Environmental Engineering Reference
In-Depth Information
This project adds to NYC Transit's use of clean energy power sources.
In 1996 NYPA installed a 300-kW roof-mounted solar power array at the
Gun Hill bus depot in the Bronx. During warm weather months, the solar
array supplies 15 percent of this bus depots' electrical needs. NYC Transit
has been using solar energy to provide power to the Maspeth Warehouse
Facility in Queens and the Jackie Gleason Bus Depot in Brooklyn since the
late 1990s.
NYC Transit also has a 100-kW solar canopy at the reconstructed
Stillwell Avenue Terminal in Coney Island. NYC Transit became a full sig-
natory of the International Association of Public Transportation's (UITP)
charter on Sustainable Development in Mobility in 2004 and was the first
public transit agency in the world to attain international certification for
environmental management (ISO 14001). The New York Power Author-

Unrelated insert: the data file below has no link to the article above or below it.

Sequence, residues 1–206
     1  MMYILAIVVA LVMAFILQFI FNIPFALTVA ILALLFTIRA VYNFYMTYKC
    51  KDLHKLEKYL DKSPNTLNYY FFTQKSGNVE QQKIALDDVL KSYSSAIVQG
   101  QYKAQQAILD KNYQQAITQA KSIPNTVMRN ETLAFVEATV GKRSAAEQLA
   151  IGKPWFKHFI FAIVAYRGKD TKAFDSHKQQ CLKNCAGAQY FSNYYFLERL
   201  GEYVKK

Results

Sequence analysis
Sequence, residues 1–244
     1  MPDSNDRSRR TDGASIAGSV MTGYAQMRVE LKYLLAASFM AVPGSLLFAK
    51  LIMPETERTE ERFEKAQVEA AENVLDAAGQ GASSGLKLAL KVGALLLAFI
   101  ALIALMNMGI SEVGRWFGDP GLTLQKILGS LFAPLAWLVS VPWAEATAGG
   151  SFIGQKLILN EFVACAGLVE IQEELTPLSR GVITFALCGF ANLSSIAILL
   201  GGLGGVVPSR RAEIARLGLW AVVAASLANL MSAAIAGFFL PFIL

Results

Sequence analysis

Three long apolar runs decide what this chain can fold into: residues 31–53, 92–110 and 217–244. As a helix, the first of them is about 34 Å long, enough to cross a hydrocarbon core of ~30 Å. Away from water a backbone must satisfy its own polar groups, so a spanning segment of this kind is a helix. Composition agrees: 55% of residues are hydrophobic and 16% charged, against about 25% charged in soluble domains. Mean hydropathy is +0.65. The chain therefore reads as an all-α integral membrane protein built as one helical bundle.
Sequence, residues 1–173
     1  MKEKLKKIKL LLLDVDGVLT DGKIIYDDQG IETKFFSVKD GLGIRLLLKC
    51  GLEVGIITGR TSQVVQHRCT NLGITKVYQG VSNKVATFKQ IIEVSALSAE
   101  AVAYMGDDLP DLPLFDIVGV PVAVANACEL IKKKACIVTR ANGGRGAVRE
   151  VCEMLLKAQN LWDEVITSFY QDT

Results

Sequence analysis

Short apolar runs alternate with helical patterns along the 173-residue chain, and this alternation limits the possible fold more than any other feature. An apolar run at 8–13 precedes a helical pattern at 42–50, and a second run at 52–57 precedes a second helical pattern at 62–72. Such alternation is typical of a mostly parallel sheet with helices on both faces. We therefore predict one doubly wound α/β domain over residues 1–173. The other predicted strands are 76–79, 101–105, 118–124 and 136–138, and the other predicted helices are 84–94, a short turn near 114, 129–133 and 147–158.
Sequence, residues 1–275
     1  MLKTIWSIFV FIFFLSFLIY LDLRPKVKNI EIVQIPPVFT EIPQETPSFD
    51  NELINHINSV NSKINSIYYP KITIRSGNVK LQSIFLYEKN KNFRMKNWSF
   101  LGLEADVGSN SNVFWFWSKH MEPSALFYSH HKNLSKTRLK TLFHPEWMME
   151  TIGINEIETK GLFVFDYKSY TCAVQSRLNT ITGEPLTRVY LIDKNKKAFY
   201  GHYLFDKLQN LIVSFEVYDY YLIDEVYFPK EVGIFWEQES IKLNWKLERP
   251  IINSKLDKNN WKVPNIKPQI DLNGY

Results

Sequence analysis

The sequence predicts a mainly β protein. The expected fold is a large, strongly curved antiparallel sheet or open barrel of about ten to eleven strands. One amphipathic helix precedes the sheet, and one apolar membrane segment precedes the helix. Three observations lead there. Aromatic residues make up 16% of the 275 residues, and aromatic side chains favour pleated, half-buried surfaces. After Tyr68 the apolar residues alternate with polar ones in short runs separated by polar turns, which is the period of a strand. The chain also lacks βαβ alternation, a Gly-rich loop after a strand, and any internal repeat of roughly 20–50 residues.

ity is a major national proponent of clean distributed energy technologies
with 2.4 megawatts of installed capacity. It has installed 11 fuel cells in the
New York City metropolitan region including eight at wastewater treat-
ment plants, operated by NYC, where the units generate power using as
fuel the gases produced through the wastewater cleansing process.
A cogeneration unit may fall under the provisions of one or more
environmental and regulatory acts that cover power generation and in-
dustrial installations. Most systems of 5 to 100 kilowatts are likely to be
exempt from environmental regulations except local building and zon-
ing codes. Larger systems with a capacity in the area of some 500 to 2,500
kilowatts must comply with emission limits for five pollutants: nitrogen
oxides, sulfur dioxide, small suspended particulates in the air, carbon
monoxide and the photochemical oxidants found in smog. State regula-
tions may also apply to small cogeneration systems. Regulations that af-
fect small cogeneration systems include those governing noise pollution,
water discharge and solid waste disposal.
Systems with a generating capacity of 75,000 kilowatts or less are ex-
empt from most federal regulations governing power generation. Systems
larger than about 75,000 kilowatts, or that sell 25,000 kilowatts or 1/3 of
their generating capacity must comply with the Environmental Protection
Agency's Stationary Sources Performance Standards for Electric Utility
Steam Generating Units.
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